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QUESTION: In patients who are resuscitated after cardiac arrest because of ventricular fibrillation, is mild hypothermia more effective than standard normothermia for improving neurological outcome?
9 centres in Austria, Belgium, Finland, Germany, and Italy.
275 patients seen in the emergency department who were 18–75 years of age (median age 59 y, 76% men) and had spontaneous circulation restored after a witnessed cardiac arrest with ventricular fibrillation or non-perfusing ventricular tachycardia as the initial cardiac rhythm; a presumed cardiac origin of the arrest; an estimated interval of 5–15 minutes from collapse to the first attempt at resuscitation by emergency medical personnel; and an interval of ≤60 minutes from collapse to restoration of spontaneous circulation. Exclusion criteria included a tympanic membrane temperature <30oC on admission and response to verbal commands before randomisation. Follow up was 99% to 100%.
All patients received standard intensive care according to a detailed protocol. Standard treatment included sedation (midazolam, initially 0.125 mg/kg/h, and fentanyl, initially 0.002 mg/kg/h), and pancuronium (initially 0.1 mg/kg every 2 h, then as needed for shivering) for 32 hours, with mandatory mechanical ventilation. Patients allocated to mild hypothermia (n=137) were cooled to a target bladder temperature of 32–34oC with an external cooling device. If cooling did not occur within 4 hours after the return of spontaneous circulation, ice packs were applied. The temperature was maintained at 32–34oC for 24 hours from the start of cooling, after which patients were passively rewarmed. Patients allocated to normothermia (n=138) were placed on a conventional hospital bed, and normothermia was maintained.
Main outcome measures
Favourable neurological outcome (Pittsburgh cerebral performance category of 1 [good recovery] or 2 [moderate disability] on a 5 category scale). Secondary outcomes included mortality.
Analysis was by intention to treat. At 6 months, the hypothermia group had a higher rate of favourable neurological outcome and a lower mortality rate than the normothermia group (table).
In patients who were resuscitated after cardiac arrest because of ventricular fibrillation, mild hypothermia improved neurological outcome and reduced mortality more than standard normothermia.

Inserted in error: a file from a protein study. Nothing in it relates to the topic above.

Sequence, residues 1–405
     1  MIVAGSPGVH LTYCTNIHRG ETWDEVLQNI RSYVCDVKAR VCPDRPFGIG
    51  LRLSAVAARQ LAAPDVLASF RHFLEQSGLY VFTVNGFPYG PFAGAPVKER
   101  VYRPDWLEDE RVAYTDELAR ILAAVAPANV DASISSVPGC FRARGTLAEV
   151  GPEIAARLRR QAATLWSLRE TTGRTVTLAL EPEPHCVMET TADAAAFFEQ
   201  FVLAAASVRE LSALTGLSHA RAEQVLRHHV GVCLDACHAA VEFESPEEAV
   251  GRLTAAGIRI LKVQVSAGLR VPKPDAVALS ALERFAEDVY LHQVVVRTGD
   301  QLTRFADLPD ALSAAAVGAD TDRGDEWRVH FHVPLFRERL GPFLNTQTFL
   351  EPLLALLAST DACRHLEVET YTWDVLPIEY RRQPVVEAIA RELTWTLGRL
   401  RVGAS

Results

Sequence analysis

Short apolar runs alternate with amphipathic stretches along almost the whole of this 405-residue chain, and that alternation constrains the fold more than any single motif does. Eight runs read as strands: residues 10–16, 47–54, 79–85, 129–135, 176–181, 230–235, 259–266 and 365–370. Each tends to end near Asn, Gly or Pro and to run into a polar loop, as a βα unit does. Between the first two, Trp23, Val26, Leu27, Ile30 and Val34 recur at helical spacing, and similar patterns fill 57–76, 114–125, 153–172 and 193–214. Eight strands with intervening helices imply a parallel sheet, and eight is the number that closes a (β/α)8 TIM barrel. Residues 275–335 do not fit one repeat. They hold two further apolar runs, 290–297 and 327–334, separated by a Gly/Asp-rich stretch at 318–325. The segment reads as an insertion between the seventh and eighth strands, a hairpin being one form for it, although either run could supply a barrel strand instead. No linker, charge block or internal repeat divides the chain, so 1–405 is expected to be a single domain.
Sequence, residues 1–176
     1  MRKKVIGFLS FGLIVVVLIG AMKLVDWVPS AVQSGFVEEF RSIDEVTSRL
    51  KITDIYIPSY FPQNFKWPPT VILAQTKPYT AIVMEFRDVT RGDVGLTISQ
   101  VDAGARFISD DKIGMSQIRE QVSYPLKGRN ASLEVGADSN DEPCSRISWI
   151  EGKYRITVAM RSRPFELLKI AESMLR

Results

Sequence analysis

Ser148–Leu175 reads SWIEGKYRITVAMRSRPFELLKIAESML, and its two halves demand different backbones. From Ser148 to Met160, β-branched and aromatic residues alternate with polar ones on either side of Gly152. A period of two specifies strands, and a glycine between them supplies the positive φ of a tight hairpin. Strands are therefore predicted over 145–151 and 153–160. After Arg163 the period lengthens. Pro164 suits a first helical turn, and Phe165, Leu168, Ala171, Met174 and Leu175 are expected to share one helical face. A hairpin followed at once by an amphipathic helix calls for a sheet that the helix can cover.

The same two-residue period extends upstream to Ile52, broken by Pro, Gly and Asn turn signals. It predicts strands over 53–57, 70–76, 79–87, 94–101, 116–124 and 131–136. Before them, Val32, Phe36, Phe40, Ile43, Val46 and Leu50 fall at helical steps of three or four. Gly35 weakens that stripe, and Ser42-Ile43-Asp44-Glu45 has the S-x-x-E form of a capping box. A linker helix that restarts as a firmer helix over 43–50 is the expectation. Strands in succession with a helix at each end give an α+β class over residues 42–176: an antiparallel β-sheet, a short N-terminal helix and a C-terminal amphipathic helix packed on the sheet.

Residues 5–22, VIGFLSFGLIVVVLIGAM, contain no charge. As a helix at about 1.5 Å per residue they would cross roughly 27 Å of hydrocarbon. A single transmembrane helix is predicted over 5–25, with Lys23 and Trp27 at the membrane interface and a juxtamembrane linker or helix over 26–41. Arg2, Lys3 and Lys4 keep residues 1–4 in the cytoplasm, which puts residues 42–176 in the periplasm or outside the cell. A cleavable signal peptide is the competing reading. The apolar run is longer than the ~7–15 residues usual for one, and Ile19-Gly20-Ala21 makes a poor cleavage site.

Renewed research interest exists on the use of therapeutic hypothermia after resuscitation for out of hospital cardiac arrest as a means of improving patient outcomes. The Hypothermia After Cardiac Arrest Study Group (HACASG) found that patients surviving cardiac arrest who received controlled hypothermia (32–34°C) for 24 hours had better neurological outcomes without an increase in complications during the first 7 days after cardiac arrest. These findings support and extend those of Bernard et al, who studied Australian patients who survived cardiac arrest and were cooled to 33°C for 12 hours.1
Strengths of the HACASG study include the design and the assessment of neurological outcome by clinicians who were unaware of whether patients received hypothermia or normothermia. Because of the specific inclusion criteria and the focus on patients at high risk for brain damage, only 8% of assessed patients were included in the study. Therefore, these results only apply to the small proportion of patients meeting similar criteria. A weakness of the study is that the attending physicians were not blinded to patient allocation, and therefore could have provided more aggressive care to one group or the other.
The results of these 2 trials are relevant to nurses working in emergency departments and intensive care units. Nurses in these settings need to be prepared to safely and effectively care for patients receiving therapeutic hypothermia. Continuous monitoring of core body temperature, blood pressure, heart rhythm, and urine output during induction, steady state hypothermia, and rewarming is crucial. Because sedation and analgesia are needed to ensure patient comfort, and neuromuscular blockade may be needed to prevent shivering and promote induction, patient neurological status should be carefully monitored, especially as the procedure ends.
Although the differences did not reach statistical significance, more patients in the hypothermia group had bleeding, pneumonia, and sepsis during the first 7 days after cardiac arrest. Patients should be observed for signs of bleeding and infection. Assessing the patient’s skin requires vigilance regardless of the external cooling method used.
Sources of funding: Fourth RTD Framework Programme 1994-1998 of the European Union; Austrian Ministry of Science and Transport; Austrian Science Foundation.
For correspondence: Dr F Sterz, Universitätsklinik für Notfallmedizin, Vienna, Austria.
A modified version of this abstract appears in ACP Journal Club.
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